Finding Your Heart

Luke 12:13-34

This could be the story of Nemo.  Nemo in Latin means “no body.”  As such, it could mean nobody and everybody.  All of us.  

Jesus has a way of telling stories that cut to the quick, get us.  Get down and personal.  This story certainly does that for me.  Probably for all of us.  It is the story of someone who has more than enough and decides to take life easy.  And in the language of Ecclesiastes 9:7 “eat, drink and be merry.”

This story also reminds me of Steven Covey and his Seven Steps of Highly Effective People, the second step:  Begin with the end in mind.  As an introduction to this principle Covey has us imagine what people would say at our funeral.  On the basis of what you know about this un-named man—Nemo—nobody—what would you say about him at his funeral.  What defined his life?  If you could use a phrase or word to define him what would you say?

“Short sighted.”  “Narrow minded.”  “Small view of the world.”  “Narcissistic.” “Self focused?”  

He had amassed a wealth of grain.  He lacked nothing.  He was set for life.  He could take his leisure and retire.  The problem was he died that very night.  Ouch!  

Then Jesus sums up this short parable with the zinger:  “Life does not consist in the abundance of possessions” Luke 12:15.  And again: “Life is more than food and the body more than clothing” Luke 12:23.  And again:  “do not strive for what you are to eat and what you are to drink, and do not keep worrying…strive instead for God’s kingdom and you will have all you need!” (indirect quote—Luke 12:29-31).  And the gem of this passage, “Do not fear little flock, it is your Father’s good pleasure to give you the Kingdom.”

We can go through life trying to find something worth living for, something to pour our selves into.  Something that would make us feel like we mattered and were making a difference in the world.  

A factor that affects that desire is the fear of not having enough, not succeeding, not being or doing as well as others like us.  The result of course is that we feel like we are failures.  We feel inadequate.  

In today’s gospel reading we have two brothers whose father has died.  They have an inheritance to split and one brother is cheating the other—or at least that is the sense we get from our reading.  We do not know the circumstances.  Maybe the one brother is more responsible and has taken care of dad through an extended illness.  Maybe the one brother worked harder on the family farm.  Maybe the other brother was a slacker and irresponsible.  We don’t know.  What we do know is that one of the brothers comes to Jesus with the request that Jesus force his brother to share the inheritance.  

It is a fair request isn’t it?  Share and share alike.  That’s what we learned in kindergarten.  Don’t be greedy.  Share.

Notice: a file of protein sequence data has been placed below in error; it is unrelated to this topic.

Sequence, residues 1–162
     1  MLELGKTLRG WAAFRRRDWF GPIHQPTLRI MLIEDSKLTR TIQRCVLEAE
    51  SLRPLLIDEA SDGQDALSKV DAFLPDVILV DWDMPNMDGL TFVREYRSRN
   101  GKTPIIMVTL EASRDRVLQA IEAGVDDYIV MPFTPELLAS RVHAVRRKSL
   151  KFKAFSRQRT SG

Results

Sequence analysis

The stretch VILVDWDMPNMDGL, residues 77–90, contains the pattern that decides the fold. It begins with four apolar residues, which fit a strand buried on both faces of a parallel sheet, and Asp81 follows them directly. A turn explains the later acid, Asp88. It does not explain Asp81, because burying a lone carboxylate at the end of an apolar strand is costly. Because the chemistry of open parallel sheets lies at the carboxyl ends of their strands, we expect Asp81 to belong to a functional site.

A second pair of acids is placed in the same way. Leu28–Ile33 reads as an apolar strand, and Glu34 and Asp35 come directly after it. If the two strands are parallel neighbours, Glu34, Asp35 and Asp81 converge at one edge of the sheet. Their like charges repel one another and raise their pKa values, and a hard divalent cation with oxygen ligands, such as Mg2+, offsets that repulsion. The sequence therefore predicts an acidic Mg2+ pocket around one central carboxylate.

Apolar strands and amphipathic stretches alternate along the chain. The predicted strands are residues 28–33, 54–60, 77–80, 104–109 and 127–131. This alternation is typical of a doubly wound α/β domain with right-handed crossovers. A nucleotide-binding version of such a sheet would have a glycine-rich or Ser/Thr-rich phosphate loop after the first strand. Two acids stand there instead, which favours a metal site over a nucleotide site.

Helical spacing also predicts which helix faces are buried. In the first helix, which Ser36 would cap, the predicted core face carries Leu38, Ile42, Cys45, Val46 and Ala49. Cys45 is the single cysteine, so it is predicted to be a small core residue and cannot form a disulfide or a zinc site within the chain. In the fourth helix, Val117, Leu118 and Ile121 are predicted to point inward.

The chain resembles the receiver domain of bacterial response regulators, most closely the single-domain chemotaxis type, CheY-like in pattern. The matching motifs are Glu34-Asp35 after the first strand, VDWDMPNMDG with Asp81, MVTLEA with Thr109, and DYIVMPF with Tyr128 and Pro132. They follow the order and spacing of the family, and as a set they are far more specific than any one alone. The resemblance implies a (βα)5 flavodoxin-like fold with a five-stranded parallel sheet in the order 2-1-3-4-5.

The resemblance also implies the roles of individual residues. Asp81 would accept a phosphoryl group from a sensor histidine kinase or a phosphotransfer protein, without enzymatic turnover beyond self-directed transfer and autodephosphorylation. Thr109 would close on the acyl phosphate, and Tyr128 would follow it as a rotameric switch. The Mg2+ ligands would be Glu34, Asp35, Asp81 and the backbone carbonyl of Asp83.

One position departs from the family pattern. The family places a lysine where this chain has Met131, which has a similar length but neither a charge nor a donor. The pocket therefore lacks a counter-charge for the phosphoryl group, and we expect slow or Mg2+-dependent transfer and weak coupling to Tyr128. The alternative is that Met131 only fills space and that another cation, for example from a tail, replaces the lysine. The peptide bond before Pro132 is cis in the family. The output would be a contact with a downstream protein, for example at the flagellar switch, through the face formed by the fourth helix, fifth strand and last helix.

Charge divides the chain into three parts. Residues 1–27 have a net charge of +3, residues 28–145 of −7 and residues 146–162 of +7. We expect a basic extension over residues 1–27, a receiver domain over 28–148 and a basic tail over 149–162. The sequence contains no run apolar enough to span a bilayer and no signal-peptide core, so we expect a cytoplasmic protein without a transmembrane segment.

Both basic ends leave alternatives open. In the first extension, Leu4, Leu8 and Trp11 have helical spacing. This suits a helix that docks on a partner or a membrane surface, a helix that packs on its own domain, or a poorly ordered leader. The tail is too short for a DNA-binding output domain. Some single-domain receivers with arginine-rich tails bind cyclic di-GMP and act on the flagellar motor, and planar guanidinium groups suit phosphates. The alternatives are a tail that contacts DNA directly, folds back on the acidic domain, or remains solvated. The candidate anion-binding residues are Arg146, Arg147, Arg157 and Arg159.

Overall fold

Yet how does Jesus answer this jilted brother?  How would you have answered him?  

In so many words He says that is not why I’ve come into this world…to be an arbitrator.  Do not let greed get hold of you.  Life does not consist in the abundance of your possessions!

Jesus then goes on to tell a parable about this rich farmer who hoards his excellent crop and decides to kick back and enjoy life—eat, drink and be merry!  (Eccl 9:7)

In the parable Jesus quotes God as saying, “You fool! Tonight you die!”  Then who will benefit from all that you have accumulated for yourself?  

We do not know anything about this rich man.  Did he have a family?  Next of kin?  Some sort of will?  Those bits of information are not important here.  Jesus draws attention to the idea of hoarding what we have rather than sharing it with others.  

Life is more than clothing.  Life is more than good food.  Life is more than the possessions and things we gather around us.  

Jesus draws attention to the birds and flowers and comments on how God cares for them—making the point that God will also care for us.  

Why seek to accumulate more and better things in life?  We have more than enough to share!  Strive (seek, pursue) God’s kingdom.  Be different than the world around you.  Strive for God’s values.  Sell your possessions.  Give to the poor.  Accumulate treasures in heaven.  

Heaven, by the way, is not a distant place in the sky here, rather the place where God’s rule and reign have sway.  The kingdom of heaven is a way of life that we can live in the here and now.  Do not let fear rule you.  Be generous.  Don’t live for the future.  Live to make a difference now.  Live generously.  Live God’s way!  

You want to find your heart?  Find your passion?  Find something worthy living and dying for to make your dent in the world?  Then strive to be kind and generous and good.  Strive to be like Jesus in the midst of this crazy world.  Let that be your passion. 

In Jesus’ name.  Amen.

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